School libraries are changing, but some essential characteristics remain the same
Technology might make some parts of libraries obsolete–but librarians won’t be among them, panelists contended at the annual Texas Library Association conference in San Antonio, which drew 7,200 attendees.
As the popularity of electronic books continues to rise, schools are emerging as a dynamic area of how libraries adjust, they said.
Educators and administrators, struggling to figure out how much to spend on their campus libraries amid state funding cuts, have reduced library staff and pondered the potential savings of buying digital books over printed ones. But concerns that students will increasingly be left with a self-service method of accessing books and research materials stem from the realization that today’s students are more tech-savvy than their predecessors.
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Printed or digital, the focus should be on the best way to provide students access to quality materials that will bolster their education, a trio of panelists from Houston Independent School District, ITT Technical Institute in Austin and Bexar County’s own BiblioTech library agreed in a discussion Thursday afternoon.
BiblioTech continues to generate international attention as one of the first libraries to go all digital, with no titles in traditional print media, and has been pushing partnerships with local schools to keep students interested in reading.
One key approach librarians can use to reinforce why they are relevant is a renewed focus on personal interaction with readers and learners, said Elizabeth Philippi, who oversees Houston ISD’s massive school library system, which is shifting more of its resources online.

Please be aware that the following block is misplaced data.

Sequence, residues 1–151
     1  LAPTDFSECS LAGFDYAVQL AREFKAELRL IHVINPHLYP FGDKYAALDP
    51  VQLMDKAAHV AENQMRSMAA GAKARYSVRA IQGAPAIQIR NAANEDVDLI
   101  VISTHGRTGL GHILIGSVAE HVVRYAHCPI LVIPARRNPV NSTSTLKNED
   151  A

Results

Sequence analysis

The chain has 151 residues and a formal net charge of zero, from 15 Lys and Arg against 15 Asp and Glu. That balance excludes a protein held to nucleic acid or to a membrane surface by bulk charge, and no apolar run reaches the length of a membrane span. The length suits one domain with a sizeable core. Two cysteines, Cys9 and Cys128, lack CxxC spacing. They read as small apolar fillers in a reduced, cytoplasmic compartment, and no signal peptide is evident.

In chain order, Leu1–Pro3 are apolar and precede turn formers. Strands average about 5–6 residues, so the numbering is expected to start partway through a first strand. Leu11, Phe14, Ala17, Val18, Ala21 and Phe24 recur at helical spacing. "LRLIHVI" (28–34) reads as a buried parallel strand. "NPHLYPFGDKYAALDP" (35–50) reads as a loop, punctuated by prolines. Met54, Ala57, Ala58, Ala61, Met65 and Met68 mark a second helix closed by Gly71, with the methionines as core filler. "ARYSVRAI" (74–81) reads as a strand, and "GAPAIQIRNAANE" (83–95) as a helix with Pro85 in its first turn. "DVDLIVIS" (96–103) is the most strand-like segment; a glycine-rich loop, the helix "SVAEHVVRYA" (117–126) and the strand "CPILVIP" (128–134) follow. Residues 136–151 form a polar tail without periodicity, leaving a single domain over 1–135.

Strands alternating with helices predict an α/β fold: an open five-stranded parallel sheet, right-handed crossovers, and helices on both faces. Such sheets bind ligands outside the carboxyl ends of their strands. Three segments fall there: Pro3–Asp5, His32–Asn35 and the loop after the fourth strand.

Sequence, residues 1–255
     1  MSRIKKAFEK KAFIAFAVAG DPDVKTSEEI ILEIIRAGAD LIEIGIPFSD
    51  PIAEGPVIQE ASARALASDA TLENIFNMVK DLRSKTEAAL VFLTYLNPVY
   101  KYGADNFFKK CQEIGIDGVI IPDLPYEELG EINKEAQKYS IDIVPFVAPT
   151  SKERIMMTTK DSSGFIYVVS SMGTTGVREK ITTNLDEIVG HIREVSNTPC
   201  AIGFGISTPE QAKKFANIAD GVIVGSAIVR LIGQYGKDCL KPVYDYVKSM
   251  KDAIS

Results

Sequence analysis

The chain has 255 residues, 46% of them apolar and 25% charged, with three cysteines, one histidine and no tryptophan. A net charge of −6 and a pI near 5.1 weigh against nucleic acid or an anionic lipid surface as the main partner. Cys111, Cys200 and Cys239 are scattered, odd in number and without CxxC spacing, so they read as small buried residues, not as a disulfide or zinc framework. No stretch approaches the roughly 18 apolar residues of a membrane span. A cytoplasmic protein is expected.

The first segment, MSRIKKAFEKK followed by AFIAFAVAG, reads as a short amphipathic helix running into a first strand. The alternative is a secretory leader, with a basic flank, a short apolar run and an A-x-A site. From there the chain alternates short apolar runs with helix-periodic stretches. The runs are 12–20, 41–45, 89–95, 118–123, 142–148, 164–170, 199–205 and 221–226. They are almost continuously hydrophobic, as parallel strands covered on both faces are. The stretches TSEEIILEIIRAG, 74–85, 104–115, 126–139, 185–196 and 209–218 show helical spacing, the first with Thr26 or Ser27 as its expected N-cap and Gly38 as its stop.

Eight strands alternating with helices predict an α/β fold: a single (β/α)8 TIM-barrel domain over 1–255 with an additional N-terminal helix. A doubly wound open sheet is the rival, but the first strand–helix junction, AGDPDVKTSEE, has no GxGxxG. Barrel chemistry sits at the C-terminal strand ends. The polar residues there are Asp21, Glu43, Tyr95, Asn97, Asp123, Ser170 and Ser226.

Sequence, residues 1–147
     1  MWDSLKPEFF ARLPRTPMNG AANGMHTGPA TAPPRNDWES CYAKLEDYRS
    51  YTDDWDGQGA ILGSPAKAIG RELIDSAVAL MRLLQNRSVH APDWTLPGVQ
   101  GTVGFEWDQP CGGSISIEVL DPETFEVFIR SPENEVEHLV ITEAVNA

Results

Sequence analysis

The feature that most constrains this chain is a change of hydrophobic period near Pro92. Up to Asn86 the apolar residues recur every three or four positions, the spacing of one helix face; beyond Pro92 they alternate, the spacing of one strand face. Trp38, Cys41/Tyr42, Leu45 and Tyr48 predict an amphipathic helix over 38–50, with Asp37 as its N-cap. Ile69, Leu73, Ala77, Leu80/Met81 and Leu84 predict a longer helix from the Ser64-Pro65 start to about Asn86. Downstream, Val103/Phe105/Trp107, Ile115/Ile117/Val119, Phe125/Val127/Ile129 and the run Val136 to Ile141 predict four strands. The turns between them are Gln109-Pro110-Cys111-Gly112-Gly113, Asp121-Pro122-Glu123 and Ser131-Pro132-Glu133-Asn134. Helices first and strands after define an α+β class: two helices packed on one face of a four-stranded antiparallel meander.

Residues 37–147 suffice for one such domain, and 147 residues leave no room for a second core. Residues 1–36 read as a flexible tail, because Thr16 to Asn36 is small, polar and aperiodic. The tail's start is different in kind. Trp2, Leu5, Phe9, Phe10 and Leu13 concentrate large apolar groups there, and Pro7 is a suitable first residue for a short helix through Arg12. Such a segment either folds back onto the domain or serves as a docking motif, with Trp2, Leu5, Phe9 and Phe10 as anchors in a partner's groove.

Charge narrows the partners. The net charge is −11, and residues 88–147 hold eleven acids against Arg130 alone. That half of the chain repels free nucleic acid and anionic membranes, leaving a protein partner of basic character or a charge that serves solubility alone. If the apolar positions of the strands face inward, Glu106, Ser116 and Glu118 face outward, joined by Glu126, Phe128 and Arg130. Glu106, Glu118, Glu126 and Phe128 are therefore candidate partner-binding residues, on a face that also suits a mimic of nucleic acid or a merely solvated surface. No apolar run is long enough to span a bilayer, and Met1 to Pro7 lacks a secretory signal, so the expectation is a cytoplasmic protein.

She said librarians can provide a highly customized and productive level of customer service that a digital device is incapable of. Librarians should not fear technology but embrace it as a tool–instead of re-shelving and categorizing books, they can spend more time providing one-on-one instruction with visitors, helping them find materials, Philippi said.
Bookless libraries pose their own challenges, though. In some communities, a more tech-savvy setup must factor in the time needed to teach people how to use digital devices if they haven’t had to access them previously.
Digital devices can get broken or stolen. And as BiblioTech’s head librarian Ashley Eklof noted, some places in the United States still don’t have access to the Internet or families can’t afford to get the service at home.
Even the design of new libraries, centered around a focus on customer service and the use of the space as a learning center instead of a room of books, poses new challenges, Philippi said. New libraries tend to favor more open areas for groups to gather for project-based learning, she said.
That makes some administrators uneasy — it’s harder to monitor students to make sure they aren’t goofing off, or, in some cases at the high school level, engaging in sexual activity, Philippi noted. She wasn’t joking.
“Do I see a bookless library at our high school level someday?” she asked. “Yes. But I assure you from what we’ve seen with ‘Twlight’ in recent years, some students will always want a printed book and so we just have to be providing both formats.”
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